In April 2003, Escovedo was performing By the Hand of the Father in Tempe, Arizona when he collapsed shortly after the show ended, having vomited up blood earlier that day. He was living with Hepatitis C and the disease was threatening to claim his life. A longtime heavy drinker, Escovedo gave up alcohol and took on a rigorous regiment of treatment. Lacking medical insurance, fans and musicians began sponsoring benefits to help cover his hospital bills, and in 2004, a double album entitled Por Vida: A Tribute to the Songs of Alejandro Escovedo was released to raise more money for the artist, featuring interpretations of his songs by Lucinda Williams, Los Lonely Boys, Charlie Musselwhite, Ian Hunter, the Jayhawks, the Minus 5, and 25 others. A collection of performances by the Alejandro Escovedo Orchestra was also released to fans under the title Room of Songs in 2005.
John Cale, long one of Escovedo’s major influences, recorded a version of “She Doesn’t Live Here Anymore” for Por Vida, and when Escovedo was healthy enough to begin working again, he invited Cale to produce his next album. The Boxing Mirror, his first release under a deal with the EMI-distributed Back Porch Music imprint, was a powerful effort released in 2006. In 2008, Escovedo went into the studio with David Bowie and T. Rex producer Tony Visconti to cut a lean rock & roll album, Real Animal, a set of songs co-written with guitarist Chuck Prophet, who anchored his new road band, the Sensitive Boys. Escovedo also joined a new management team, Jon Landau and Barbara Carr, who also handled Bruce Springsteen’s career. Springsteen, a fan, brought Escovedo on-stage with him to perform a duet version of Escovedo’s “Always a Friend” during a stadium show in Houston, which appeared on Springsteen’s EP Magic Tour Highlights. Springsteen also made a guest appearance on 2010’s Street Songs of Love, another Visconti-produced set that was Escovedo’s first release through Fantasy Records. 2012’s Big Station would prove to be Escovedo’s last album with Visconti and Prophet; and in 2014 set out on a co-headlining tour with former R.E.M. guitarist Peter Buck, in which Buck and his band (guitarist Kurt Bloch of the Fastbacks, bassist Scott McCaughey of the Young Fresh Fellows and the Minus 5, and drummer Bill Rieflin of Ministry and Swans) backed up Escovedo after finishing their own set.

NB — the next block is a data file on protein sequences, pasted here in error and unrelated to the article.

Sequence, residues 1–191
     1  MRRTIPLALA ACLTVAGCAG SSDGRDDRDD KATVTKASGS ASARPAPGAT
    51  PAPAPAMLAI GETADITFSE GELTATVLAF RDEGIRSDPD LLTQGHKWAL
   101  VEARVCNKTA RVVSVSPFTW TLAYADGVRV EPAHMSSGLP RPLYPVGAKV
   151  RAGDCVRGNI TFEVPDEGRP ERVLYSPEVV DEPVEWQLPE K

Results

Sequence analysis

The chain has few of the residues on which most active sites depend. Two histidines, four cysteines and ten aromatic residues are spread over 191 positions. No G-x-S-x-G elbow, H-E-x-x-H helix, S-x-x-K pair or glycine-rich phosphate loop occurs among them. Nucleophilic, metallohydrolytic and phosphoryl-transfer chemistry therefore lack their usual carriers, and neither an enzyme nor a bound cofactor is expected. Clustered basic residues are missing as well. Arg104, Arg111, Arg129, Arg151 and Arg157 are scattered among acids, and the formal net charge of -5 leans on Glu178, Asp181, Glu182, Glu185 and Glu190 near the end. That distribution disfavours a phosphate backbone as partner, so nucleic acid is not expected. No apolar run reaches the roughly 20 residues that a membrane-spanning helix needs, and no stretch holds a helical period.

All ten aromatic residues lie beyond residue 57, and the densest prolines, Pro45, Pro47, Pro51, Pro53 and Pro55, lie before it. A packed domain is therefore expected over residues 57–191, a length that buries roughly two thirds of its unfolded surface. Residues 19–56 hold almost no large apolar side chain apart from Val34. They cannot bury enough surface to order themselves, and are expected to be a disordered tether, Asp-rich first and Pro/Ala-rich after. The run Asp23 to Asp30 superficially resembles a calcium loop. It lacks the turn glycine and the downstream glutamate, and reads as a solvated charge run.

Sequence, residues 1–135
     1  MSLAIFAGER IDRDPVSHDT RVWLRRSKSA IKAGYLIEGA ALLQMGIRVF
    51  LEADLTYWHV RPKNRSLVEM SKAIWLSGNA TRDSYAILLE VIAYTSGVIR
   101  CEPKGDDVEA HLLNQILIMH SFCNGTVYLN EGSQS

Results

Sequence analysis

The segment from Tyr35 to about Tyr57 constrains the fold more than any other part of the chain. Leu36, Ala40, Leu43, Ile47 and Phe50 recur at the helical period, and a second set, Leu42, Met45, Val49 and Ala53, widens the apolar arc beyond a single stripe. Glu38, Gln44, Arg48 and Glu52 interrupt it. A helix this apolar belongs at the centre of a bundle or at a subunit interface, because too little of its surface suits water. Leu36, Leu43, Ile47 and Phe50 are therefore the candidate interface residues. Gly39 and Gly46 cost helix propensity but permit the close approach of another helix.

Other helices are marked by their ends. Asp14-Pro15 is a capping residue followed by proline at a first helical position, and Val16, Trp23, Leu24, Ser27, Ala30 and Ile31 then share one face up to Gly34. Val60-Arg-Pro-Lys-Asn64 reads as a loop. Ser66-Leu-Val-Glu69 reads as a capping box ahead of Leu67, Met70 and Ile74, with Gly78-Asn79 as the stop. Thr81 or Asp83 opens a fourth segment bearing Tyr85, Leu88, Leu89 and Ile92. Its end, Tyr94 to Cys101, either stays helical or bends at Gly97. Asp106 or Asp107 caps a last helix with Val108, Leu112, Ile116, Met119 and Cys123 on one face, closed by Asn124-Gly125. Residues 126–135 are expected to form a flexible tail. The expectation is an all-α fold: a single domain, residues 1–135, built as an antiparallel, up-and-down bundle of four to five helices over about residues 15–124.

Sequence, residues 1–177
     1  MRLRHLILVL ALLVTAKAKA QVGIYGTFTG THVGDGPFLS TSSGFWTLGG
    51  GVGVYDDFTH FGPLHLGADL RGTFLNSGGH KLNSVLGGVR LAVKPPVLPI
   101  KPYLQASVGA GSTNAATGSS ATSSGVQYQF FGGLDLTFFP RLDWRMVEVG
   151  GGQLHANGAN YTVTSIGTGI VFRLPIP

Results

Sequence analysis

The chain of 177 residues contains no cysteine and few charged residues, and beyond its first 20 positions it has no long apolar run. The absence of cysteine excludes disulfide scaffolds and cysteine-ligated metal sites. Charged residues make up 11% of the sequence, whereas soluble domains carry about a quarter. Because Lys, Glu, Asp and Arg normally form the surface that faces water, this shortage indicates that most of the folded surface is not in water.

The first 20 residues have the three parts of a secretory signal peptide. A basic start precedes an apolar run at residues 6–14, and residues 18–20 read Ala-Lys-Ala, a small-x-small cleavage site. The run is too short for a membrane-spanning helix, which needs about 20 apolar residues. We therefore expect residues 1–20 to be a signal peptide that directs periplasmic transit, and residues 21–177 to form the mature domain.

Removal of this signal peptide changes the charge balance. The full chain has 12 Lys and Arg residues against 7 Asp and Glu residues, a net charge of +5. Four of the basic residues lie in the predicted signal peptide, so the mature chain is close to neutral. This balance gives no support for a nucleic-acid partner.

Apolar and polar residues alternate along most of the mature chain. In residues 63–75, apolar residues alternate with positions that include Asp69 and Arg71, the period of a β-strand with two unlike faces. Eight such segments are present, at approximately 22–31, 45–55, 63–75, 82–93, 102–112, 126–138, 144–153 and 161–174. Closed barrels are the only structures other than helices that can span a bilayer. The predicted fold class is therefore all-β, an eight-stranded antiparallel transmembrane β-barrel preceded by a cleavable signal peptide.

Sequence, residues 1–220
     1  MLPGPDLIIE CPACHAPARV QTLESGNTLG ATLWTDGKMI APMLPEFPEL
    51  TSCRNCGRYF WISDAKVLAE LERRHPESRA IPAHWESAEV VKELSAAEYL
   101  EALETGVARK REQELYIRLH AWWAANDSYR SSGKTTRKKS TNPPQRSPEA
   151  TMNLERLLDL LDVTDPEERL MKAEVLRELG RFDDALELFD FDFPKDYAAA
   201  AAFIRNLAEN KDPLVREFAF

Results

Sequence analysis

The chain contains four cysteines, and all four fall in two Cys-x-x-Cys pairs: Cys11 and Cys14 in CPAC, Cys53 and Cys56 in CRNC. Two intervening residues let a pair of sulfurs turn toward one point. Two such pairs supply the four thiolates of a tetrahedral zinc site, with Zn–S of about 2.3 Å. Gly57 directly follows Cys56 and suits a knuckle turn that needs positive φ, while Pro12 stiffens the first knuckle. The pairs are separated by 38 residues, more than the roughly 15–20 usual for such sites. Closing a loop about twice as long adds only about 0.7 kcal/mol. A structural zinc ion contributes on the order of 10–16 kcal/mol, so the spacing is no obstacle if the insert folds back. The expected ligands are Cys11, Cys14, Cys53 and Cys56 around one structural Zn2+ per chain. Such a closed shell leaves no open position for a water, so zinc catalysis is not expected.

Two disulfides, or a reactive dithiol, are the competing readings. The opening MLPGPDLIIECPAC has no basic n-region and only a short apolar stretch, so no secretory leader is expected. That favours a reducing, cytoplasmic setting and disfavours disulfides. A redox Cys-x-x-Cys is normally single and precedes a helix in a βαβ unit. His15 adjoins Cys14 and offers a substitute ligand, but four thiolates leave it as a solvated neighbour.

A second tour with Buck and his band was put on hold after Escovedo had another health scare, and while honeymooning in Mexico with his fourth wife, Nancy Rankin, their friends home was hit by a Category Four storm, Hurricane Odile. The two struggled with PTSD in the wake of the hurricane, and both went into treatment as they struggled with its aftereffects. Rankin’s work on “Queen of the South” TV series led the couple to spend several months in Dallas, Texas, and Escovedo was invigorated by his new surroundings after becoming disenchanted with the growing gentrification of Austin. The Escovedos settled down in Dallas, and as they healed both physically and emotionally, Alejandro returned to an album he had planned to write and record with Buck and McCaughey. Recorded in Portland, Oregon with Buck, McCaughey, Bloch, and drummer John Moen of the Decemberists, 2016’s Burn Something Beautiful also included guest appearances from Corin Tucker of Sleater-Kinney, Steve Berlin of Los Lobos, and frequent Neko Case collaborator Kelly Hogan.
A tour of Europe found Escovedo sharing stages with the Italian rock band Don Antonio, and Escovedo struck up a friendship with the group’s leader, Antonio Gramentieri. The two collaborated on a set of songs about two young men — one from Italy, one from Mexico — who come to America to follow their dreams. Escovedo recorded the songs on his 2018 album The Crossing; Don Antonio served as his backing band for the sessions, with guest appearances from Wayne Kramer of the MC5, James Williamson of Iggy and the Stooges, and John Perry with Peter Perrett of the Only Ones. In 2019, Escovedo and his wife Nancy relocated outside of Austin, Texas in the hill country. In 2020, Escovedo issued La Cruzada, which featured Spanish-language interpretations of the 17 songs from The Crossing. The album first appeared in a limited-edition for Record Store Day, and was given a full release in September 2021.